Is working from home actually beneficial?

Author: Sara Agnoletti
Published date: July 2, 2020

With the technology available today, it is often easier and most convenient for employees to work from home. But is this actually beneficial to both personal and company’s growth? 

At Cooper Lomaz, we rely on both remote and office work, so it is easy for us to see the benefits of one as well as the other. A healthy work-life balance is crucial for employees, and the occasional work-from-home day can be instrumental in maintaining that equilibrium.

We think that human aggregation and the interaction of our minds are vital aspects of work, therefore, being with your team in the same room brings huge benefits and these are the top ones. 

 

1. Time management and work-life balance

Offices usually have fixed hours for work, lunch and tea breaks while working from home could lead to a much longer working day and not regular breaks.

Though working at home sounds like a luxury, it can do more harm than good to your work-life balance. Your home should never become a place of stress, but rather a source of rest, relaxation, and family-building. 

 

2. Soft Skills

Spending time with your co-workers teaches you how to behave in front of people and boosts your communication and interpersonal skills. It is harder to form genuine relationships with co-workers over the phone and as an adult, the office can be the primary place for people to form friendships.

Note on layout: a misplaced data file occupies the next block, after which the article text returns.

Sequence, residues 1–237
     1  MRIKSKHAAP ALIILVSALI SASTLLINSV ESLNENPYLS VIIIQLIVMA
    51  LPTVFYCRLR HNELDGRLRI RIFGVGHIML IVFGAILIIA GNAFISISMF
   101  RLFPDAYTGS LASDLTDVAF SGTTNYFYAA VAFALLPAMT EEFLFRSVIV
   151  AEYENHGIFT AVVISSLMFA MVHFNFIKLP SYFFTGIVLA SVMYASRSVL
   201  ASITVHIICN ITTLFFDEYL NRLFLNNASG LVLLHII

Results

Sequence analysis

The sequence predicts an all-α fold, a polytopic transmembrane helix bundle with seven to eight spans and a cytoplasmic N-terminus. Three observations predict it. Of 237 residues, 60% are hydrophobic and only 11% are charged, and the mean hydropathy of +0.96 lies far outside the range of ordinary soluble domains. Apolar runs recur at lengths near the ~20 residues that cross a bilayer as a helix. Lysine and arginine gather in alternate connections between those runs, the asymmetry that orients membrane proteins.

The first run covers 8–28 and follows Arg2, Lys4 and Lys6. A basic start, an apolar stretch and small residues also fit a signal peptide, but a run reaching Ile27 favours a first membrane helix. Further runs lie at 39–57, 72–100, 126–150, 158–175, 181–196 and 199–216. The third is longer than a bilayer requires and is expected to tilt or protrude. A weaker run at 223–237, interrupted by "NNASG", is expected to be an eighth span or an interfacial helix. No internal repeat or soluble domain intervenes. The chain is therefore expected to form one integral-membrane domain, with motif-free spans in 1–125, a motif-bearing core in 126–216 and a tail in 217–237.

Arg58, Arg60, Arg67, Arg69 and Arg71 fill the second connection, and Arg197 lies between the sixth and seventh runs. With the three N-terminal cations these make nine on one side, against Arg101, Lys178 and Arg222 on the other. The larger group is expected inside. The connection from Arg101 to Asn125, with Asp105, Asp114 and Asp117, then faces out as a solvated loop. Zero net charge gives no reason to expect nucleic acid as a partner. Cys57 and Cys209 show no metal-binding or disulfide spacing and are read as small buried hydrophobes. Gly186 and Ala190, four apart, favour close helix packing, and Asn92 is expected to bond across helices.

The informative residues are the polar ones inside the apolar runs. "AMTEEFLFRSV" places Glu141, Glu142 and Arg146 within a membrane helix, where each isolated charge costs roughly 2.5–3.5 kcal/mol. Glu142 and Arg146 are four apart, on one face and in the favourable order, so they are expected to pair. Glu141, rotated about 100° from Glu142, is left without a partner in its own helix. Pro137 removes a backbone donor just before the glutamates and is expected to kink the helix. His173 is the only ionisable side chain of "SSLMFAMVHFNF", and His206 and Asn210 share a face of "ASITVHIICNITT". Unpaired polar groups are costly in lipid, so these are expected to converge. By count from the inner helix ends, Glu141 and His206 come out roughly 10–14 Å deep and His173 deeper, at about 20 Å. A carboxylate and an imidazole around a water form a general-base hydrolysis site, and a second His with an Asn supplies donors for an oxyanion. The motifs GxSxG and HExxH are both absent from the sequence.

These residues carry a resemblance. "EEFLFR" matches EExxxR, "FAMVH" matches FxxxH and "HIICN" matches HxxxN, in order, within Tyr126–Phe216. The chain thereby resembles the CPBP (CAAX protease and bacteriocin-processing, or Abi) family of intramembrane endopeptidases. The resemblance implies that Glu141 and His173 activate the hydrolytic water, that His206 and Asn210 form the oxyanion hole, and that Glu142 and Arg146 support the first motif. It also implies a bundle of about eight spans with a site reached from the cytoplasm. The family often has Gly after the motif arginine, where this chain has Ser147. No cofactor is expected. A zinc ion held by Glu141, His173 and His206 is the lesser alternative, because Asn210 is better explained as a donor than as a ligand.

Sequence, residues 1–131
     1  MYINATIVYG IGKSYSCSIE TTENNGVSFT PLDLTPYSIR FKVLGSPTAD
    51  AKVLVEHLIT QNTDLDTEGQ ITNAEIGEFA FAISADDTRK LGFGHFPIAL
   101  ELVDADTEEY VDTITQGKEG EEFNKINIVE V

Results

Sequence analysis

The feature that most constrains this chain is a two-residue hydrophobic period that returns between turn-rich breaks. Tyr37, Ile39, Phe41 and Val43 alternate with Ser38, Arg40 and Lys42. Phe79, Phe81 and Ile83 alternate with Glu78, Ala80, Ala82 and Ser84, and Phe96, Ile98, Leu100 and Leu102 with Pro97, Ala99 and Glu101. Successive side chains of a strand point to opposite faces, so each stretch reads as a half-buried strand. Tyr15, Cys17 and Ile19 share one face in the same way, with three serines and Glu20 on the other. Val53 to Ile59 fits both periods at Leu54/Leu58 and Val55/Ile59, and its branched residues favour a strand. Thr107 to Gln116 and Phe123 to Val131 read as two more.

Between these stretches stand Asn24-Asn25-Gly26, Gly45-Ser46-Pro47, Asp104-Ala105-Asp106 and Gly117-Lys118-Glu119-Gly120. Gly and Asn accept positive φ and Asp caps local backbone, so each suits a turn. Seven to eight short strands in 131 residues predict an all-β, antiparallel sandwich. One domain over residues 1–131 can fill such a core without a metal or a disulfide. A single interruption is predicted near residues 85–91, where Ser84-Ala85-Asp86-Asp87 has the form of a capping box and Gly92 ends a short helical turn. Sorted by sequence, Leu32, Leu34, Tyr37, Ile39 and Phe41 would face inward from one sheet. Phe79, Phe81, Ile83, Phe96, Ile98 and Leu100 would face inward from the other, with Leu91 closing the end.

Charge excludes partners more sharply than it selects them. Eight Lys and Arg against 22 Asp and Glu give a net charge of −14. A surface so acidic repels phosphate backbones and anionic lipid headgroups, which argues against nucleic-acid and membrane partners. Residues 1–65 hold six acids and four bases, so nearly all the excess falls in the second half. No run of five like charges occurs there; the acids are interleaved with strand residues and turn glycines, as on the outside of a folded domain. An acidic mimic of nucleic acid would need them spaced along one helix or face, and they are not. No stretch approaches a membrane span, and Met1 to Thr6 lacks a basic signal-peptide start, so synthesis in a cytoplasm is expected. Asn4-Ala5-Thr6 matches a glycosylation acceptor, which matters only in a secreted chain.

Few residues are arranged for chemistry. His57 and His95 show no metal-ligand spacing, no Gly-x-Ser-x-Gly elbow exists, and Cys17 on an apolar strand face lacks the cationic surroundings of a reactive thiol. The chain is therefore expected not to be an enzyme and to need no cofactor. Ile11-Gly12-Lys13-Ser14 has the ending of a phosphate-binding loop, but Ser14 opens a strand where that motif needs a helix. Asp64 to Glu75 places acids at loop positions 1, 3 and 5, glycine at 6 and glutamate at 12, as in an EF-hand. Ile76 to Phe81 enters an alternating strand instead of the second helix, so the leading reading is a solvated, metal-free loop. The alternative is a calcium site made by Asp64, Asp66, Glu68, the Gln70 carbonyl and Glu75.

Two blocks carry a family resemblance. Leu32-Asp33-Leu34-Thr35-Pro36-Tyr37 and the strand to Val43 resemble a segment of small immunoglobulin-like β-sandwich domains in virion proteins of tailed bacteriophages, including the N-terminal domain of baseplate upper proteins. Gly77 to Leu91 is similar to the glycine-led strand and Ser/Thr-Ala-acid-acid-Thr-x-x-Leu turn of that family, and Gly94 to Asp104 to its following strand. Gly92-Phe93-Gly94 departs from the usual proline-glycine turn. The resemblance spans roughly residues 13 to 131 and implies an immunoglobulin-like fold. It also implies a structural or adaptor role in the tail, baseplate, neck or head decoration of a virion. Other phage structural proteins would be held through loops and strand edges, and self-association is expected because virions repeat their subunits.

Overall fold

3. Creativity

Working in an environment full of challenges and people with a different point of view lead to have new ideas and expand your knowledge.

 

4. Communication with your team

It is easier and quicker to communicate if you work with your team in the same space, therefore, no time is wasted via calls or emails.

Mostly, when you physically work alongside your co-workers, it is easier to step in and offer a helping hand to resolve issues if your team members are struggling.

 

5. Loneliness

Working from home full-time could make people feel lonely and that, in turn, creates health risks.

 

I agree with the sociologist Mario Small who said: “A defined physical space with a set of loosely connected people working toward a common goal, the office contains the most consistent set of individuals the average white-collar worker will encounter regularly outside family”.